There are seemingly not enough hours in a day to tackle the projects local do-gooder Shelly Hulce handles, but extraordinary people manage to achieve extraordinary things. Such is the case for Hulce -- our Daytonian of the Week.
Whether it’s helping the blind to visualize the written word, organizing some of the city’s best storytellers, supporting the arts, writing about rock ‘n’ roll music or playing it on her own radio show, Hulce seemingly hits the ground running daily.
She’s also been involved with the Dayton Music, Art & Film Festival for the last 10 years and is an easily recognizable figure at local artistic events. As if that’s not enough, you can find her collage art at this Facebook page. Hulce is a shining example of what happens when this town puts its best foot forward.
What do you do?
“Day job: Supervisor of the Goodwill Easter Seals Radio Reading Service (for the blind). It's a closed circuit radio station serving 12 counties. Other (non paid) job(s): 1)Founder of Dayton Story Slam (circa 2006) that holds monthly storytelling events, following the Moth Story Hour format. 2) President of South Western Ohio Public Radio that broadcasts WSWO / Oldies 97.3FM, a low-power FM, community radio station that runs under an oldies music format of 50's, 60's 70's. I also host a weekly specialty show on Tuesday nights called The Wax Carnival. 3) Community Voices Producer, WYSO Public Radio 91.3FM. 4) Producer of specialty rock and comedy events.”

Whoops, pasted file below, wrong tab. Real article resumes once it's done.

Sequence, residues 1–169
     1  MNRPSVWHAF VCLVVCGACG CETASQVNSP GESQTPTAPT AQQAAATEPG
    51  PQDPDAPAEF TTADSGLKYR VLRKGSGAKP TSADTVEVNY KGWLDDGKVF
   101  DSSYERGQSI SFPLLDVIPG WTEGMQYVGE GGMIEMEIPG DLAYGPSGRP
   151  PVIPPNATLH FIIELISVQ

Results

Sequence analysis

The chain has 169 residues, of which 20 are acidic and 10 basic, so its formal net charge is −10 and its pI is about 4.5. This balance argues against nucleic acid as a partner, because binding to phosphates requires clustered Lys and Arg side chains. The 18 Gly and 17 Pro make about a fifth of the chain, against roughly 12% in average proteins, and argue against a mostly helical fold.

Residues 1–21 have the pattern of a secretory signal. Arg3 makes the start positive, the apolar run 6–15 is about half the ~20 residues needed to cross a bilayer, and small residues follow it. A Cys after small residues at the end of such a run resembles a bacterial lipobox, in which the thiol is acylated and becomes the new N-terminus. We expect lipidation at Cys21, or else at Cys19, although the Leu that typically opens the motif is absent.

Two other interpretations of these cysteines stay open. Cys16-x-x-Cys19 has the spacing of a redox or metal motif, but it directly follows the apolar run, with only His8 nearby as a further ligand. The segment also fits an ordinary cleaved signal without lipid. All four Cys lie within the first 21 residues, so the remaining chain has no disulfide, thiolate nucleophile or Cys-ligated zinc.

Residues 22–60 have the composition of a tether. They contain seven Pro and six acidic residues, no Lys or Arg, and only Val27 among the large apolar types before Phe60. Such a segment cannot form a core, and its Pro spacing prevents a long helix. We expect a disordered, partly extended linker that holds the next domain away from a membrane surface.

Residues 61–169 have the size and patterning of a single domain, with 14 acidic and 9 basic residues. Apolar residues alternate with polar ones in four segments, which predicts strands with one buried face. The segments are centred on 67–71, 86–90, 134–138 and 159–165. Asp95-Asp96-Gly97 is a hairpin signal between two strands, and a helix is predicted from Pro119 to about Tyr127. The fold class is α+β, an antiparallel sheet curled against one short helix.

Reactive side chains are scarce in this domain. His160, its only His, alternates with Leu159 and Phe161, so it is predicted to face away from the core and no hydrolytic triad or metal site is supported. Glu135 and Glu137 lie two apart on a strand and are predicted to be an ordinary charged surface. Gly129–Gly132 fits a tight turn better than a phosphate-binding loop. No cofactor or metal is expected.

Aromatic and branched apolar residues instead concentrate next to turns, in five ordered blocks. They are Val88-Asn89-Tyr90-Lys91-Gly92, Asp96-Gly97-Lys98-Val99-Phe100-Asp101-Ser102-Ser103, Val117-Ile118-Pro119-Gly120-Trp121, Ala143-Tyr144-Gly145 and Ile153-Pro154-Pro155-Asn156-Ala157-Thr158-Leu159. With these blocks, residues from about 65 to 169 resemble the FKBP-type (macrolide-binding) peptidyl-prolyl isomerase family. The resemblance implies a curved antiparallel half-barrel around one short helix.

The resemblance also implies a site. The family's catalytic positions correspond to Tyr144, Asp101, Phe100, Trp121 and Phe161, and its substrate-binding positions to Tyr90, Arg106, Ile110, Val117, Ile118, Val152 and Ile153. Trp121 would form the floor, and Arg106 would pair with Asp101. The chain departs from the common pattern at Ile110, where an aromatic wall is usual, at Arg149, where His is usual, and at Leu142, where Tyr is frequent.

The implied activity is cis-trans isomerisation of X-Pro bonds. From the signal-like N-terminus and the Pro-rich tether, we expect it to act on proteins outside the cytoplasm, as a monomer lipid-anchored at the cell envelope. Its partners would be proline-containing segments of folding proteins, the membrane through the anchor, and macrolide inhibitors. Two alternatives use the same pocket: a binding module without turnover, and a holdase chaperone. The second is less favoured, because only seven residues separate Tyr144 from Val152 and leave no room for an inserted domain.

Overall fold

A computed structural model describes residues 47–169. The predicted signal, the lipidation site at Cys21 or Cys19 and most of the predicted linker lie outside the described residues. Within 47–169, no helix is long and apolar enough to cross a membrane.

What superpower would you love to have?
“To give everyone the ability to sing or play an instrument.”
What do you love about life in Dayton?
“The freedom to invent and reinvent yourself and know there are people who will encourage whatever you want to do.”
What’s your favorite spot in Dayton?
“Ghostlight Coffee (for the people and the environment, I don't like coffee at all). It's like going to a friend’s house, where lots of other friends also drop by."
Why did you decide to settle in Dayton?
“Born and raised here. Moved to Atlanta and Detroit and was too homesick to stay. I love the music and art scene here and the freedom to move about and try new things and connect with others, and not having to starve to be an artist.”
How did you get involved with your line of work?
“Like anything else wonderful in my lifetime, I volunteered. Volunteerism is always where it starts. Show up, work hard, learn, share, pass it on, connect and just MAYBE your passion will collide with your vocation!”
If you could change or bring one thing to Dayton, would it be?
“A BUSY downtown with loads of good late night food options.”
What do you think Dayton will look like in 10-15 years?
“I see more abandoned spaces being resurrected with interesting and unique living spaces, music and performance venues; a viable walking community downtown and a commuter train stop on the “3C” rail (Cincinnati, Columbus, Cleveland).”